Places we’ve been to or through in the last twenty days: Beaune, Chalon-sur-Saône, Mâcon (does not rhyme with bacon), Trevoux, Lyon, Tournon-sur-Rhône, Valence, Cruas, Meysse, Pierrelatte, Saint-Restitute, Avignon, Arles, Lunel, Saint-Aunès, Montpellier, Saint-Pierre le Mer, Argelès-sur-Mer, Cerbère, Colera, Figueres, Girona, Sils, Malgrat de Mar, Arenys de Mar, Mataró, Badalona, Sitges, Barcelona.
That’s right, Madison and I reached Barcelona! And a chorus of angels descended from on high to welcome us and pronounce to the world that we had arrived and all of Europa rejoiced.
Just kidding. We rolled up to my friend Toño’s apartment, locked our bikes, drank a couple glasses of sangria, and passed out.
It’s the end of bike tour, but not the end of our production schedule for Self-Made. We arrived in this city over a week ago, and we’ve been busy. We stood in awe of FabLab BCN, situated inside the Institute for Advanced Architecture of Catalonia. Student projects are displayed on all the walls, some feasible solutions for a sustainable future, some closer to science fiction. Everywhere there is something to look at: interlocking laser cut spheres hang from the ceiling, manikins rigidly model alternative fabrics, imaginative furniture smells freshly milled.
Director Tomas Diez met us at the small outdoor terrace. A second film crew was present, interviewing Tomas about IAAC, urbanism, and the post-carbon era. Time moves differently in this country, perhaps because of the heat. Minutes dally in sighing chat and become hours, feet shuffle slowly toward no destination at all. We savored the slight breeze on the terrace and lost ourselves in conversation about the world we envision, a world where people work because they want to, not because they need to get paid, a world where good ideas are freely shared, not guarded, a world of economic and environmental prosperity.
We did get moving eventually, loading six people into Tomas’s vehicle for the drive to the Green FabLab in Valldaura, a Fab Lab devoted to sustainability. When we were able to steal him away from the other film crew, we engaged Tomas in a short interview. “Green FabLab is producing the tools and the means to actually get a closer dialogue between nature and technology,” Tomas revealed. “We try to use all the materials from the natural resources that we have here, and we are also looking into the next step of fabrication, which is not only to make things, but actually to grow things.”
Our maker friend Eduardo Peire met us at the Green FabLab, and the three of us had the run of the place after Tomas and his crew of researchers, designers, and architects left. We made dinner (cheese pizza topped by fresh garden veggies), gazed at the stars (look, it’s the pizza constellation!), and slept outside though we’d been warned about the wild boars.
In the morning, Eduardo dropped us in Mataró at Can Fugarolas, a creative community devoted to repairing and co-working. A makerspace of sorts drones in the cool basement area, refurbishing gutted autos. A man designs practical garden tools out of old bicycle parts. Corners are rented at low cost to artists, and two cooperatives operate out of a private room. Wouter Tebbins of the Free Knowledge Institute met us at Can Fugarolas and facilitated our tour. Several interesting characters showed us around the space, from the top floor, split between an organized co-working space and a chaotic artists’ studio, to the loft, where people can work on video editing and sound engineering, to the first floor, occupied by acrobats, dancers, and circus folk.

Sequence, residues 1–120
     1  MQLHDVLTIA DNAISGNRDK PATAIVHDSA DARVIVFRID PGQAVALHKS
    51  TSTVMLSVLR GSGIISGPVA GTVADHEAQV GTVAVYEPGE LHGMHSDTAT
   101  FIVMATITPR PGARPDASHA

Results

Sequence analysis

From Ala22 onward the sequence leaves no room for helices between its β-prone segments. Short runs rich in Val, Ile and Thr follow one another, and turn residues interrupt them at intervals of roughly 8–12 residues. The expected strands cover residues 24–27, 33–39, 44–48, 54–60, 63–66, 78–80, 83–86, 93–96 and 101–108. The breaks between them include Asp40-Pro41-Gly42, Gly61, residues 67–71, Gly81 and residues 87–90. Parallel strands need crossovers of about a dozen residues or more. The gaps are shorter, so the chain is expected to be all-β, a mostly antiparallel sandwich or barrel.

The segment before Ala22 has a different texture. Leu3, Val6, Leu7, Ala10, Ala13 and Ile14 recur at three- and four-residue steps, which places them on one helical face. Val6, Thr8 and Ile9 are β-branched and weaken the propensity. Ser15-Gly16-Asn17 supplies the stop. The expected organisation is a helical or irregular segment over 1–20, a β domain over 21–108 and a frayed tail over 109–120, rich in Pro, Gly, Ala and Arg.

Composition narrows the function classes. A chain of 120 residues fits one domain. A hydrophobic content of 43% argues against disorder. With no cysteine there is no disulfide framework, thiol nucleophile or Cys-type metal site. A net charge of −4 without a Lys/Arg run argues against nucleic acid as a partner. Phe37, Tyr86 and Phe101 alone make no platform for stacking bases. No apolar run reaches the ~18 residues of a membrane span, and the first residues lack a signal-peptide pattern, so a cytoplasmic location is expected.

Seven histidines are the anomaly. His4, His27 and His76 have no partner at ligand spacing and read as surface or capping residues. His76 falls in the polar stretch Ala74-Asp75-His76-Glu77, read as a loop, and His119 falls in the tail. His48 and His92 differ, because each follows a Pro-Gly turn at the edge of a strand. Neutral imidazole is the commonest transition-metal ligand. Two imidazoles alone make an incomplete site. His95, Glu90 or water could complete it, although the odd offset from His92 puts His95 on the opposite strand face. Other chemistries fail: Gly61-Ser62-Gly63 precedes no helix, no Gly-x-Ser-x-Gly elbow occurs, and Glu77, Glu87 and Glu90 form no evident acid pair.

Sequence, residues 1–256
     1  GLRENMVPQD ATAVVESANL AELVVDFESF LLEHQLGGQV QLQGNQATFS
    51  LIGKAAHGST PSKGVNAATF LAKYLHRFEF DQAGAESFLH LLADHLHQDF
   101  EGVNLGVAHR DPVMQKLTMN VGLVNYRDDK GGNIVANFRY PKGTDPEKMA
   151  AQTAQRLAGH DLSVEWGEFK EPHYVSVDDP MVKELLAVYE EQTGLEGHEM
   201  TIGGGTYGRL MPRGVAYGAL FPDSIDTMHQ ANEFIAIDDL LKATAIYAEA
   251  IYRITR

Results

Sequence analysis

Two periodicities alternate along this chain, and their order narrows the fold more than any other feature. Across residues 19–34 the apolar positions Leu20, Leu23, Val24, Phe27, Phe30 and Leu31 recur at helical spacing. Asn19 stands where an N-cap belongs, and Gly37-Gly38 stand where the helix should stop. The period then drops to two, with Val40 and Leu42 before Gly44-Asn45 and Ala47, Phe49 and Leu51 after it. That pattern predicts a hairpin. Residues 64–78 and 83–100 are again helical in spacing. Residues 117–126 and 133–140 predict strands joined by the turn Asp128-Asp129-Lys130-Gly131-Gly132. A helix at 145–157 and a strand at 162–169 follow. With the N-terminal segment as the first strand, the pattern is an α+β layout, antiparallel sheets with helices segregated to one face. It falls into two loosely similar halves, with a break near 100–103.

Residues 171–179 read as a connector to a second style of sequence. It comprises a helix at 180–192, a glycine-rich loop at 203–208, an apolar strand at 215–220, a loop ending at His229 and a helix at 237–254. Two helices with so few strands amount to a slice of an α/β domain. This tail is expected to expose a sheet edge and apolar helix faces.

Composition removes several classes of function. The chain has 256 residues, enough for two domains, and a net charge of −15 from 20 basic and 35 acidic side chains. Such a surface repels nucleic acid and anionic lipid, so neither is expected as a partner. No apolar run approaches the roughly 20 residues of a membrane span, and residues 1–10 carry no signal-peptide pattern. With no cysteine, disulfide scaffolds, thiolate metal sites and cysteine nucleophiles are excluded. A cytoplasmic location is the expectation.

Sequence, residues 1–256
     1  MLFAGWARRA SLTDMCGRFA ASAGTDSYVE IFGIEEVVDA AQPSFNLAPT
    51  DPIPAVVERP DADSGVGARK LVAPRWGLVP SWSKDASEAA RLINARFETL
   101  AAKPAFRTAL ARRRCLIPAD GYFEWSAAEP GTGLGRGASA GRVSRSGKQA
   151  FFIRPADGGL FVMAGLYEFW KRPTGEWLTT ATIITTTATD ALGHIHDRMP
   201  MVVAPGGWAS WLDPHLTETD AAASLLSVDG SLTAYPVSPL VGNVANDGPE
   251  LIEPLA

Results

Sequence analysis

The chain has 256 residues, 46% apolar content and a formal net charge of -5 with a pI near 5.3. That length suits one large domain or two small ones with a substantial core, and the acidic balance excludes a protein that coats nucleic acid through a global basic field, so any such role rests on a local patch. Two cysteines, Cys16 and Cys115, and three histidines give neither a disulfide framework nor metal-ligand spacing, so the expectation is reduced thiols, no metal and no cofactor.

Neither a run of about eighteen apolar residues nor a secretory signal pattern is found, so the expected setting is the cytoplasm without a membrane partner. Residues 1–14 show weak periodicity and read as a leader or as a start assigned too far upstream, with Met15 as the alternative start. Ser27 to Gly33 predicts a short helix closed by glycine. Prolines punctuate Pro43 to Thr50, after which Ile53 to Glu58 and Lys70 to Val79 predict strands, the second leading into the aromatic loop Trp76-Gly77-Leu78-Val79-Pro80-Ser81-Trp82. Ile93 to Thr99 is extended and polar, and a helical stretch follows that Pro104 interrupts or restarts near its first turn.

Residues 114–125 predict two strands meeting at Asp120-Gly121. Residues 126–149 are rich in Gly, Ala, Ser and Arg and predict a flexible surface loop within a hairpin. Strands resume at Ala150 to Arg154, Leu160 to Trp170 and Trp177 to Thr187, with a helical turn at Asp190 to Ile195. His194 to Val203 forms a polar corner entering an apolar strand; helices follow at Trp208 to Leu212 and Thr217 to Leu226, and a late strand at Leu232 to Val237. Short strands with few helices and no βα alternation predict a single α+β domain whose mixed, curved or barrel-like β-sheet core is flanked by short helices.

We spent the night at Wouter’s in Arenys de Mar and in the morning, caught a couple trains south of Barcelona to Sitges, where we visited Francisco Sanchez and the Beach Lab, a FabCafe situated right on the Mediterranean beach front. We filmed and interviewed at this very special Lab, which Francisco brought together almost by accident. It started as a website, and when community members started asking where they could find the Beach Lab, Francisco invited them to help him establish it. When the local municipality objected to the concept of Fab Lab, he hauled in a cooler, started selling coffee and beer, and called it a FabCafe–problem solved. He joined the Fab Academy in a very similar fashion, collecting the tools and machines as required by that week’s particular lesson. Flying by the seat of his pants, but never catching fire. We could learn a thing or two from his style.
We returned to FabLab BCN for a second interview with Tomas and then realized that the FabLab House, the project which had grabbed Madison’s interest last year and led to our settling on European Fab Labs as the subject for our documentary, had been right under our noses the whole time. In its second iteration, the FabLab House is under construction right on on la Playa Ciutadella Olimpica. When it’s finished, it will feature solar panels on all outer surfaces, angled to maximize their potential. The building will be a yacht club/restaurant and should generate more energy than it consumes.
We leave Barcelona tomorrow on the early bus. Toño organized a riotous beach picnic yesterday and we experienced some of Barcelona’s famous night life. I sold my Buddha bike today, did my laundry. Our time in Barcelona is a wrap. We’ll be back in the United States in less than two weeks for the much-anticipated Fab11 conference and festival. We may have hopped off our bikes, but we’re still on the road!